Gothic and Proto-Renaissance Art

Concurrent Dates

Target Concepts

  • Gothic Art was born in the north (Paris), the Renaissance was born in the south (Florence)
  • The Virgin Mary was frequently the subject of art during the Gothic period
  • The pointed arch allowed Gothic architects to allow for new forms, including greater verticality and larger windows
  • Gothic architecture was obsessed with verticality, light, and unified interior spaces
  • Gothic art is heavily rooted in the medieval “cloisonné” style
  • The South rejected Gothic art style, preferring naturalism and simpler harmonies
  • Renaissance art returns to the tradition of working from observation and the use of models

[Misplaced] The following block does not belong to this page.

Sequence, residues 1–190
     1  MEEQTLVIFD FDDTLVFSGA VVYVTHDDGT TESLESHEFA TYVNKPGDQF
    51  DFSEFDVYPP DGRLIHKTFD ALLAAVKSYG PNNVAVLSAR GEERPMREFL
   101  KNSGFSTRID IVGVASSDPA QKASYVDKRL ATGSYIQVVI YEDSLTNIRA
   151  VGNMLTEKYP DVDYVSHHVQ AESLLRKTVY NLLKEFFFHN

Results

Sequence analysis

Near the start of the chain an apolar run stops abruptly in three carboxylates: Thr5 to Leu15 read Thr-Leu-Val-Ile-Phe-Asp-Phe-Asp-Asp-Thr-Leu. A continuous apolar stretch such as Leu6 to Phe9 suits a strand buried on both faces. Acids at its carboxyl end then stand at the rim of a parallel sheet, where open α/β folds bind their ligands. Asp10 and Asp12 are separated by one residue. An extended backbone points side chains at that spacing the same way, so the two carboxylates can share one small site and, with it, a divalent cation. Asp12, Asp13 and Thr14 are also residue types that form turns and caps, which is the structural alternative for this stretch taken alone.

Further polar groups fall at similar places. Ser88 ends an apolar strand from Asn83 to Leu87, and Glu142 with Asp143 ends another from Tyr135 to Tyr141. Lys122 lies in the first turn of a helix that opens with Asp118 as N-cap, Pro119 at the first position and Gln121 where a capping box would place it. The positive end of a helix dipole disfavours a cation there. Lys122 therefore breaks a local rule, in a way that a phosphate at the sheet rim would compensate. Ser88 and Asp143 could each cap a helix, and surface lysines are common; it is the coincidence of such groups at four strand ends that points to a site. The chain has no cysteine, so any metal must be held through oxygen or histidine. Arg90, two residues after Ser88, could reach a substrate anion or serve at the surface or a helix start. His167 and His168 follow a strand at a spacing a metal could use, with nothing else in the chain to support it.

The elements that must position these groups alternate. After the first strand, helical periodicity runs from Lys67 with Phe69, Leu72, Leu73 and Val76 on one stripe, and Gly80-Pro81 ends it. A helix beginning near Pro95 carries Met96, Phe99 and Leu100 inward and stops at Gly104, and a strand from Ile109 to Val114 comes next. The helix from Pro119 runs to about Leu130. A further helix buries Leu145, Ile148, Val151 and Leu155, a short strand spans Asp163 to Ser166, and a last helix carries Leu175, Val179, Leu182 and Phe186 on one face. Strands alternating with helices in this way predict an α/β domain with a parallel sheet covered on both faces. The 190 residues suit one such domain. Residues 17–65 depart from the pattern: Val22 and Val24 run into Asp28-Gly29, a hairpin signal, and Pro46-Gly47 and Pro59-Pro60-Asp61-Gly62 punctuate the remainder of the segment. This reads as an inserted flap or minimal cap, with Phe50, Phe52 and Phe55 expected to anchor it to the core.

• Giotto establishes the canon for pictorial arts in the West
  • Art of the Early Renaissance demonstrates influence from the Byzantine Empire
  • While the patron dictates everything about the artworks being created, artists are beginning to gain some artistic freedom

Gothic Art
Chapter 18

Gothic Architecture

Giorgio Vasari, gothic rib vault, flying buttress

Abbot Suger

Chivalry and the Cult of Mary

The Affects of Patronage

Chartres Cathedral
France, 1145 CE height from floor to vault is 118’, 430’ in length, tallest tower is 370’
Jamb, jamb statues, fleur-de-lis, bar tracery

  • The Royal Portal, with detail of Old Testament queen and two kings
  • Notre Dame de la Belle Verriere
  • Rose Window and Lancets
  • Saints Martin, Jerome, and Gregory jamb statues

Notre-Dame of Paris
France, 1180 CE height from floor to vault is 107’
Flying buttress, finials, crossing spire

The Bible Moralisee
France, 1234 CE ink, tempera, and gold leaf on vellum

  • Dedication Page with Blanche of Castile and King Louis IX
  • Scenes from the Apocalypse

Rottgen Pieta
Germany, 1300 CE painted wood 2’ high
Pieta

The Plagues of Egypt
From the Golden Haggadah
Spain, 1320 CE pigments on vellum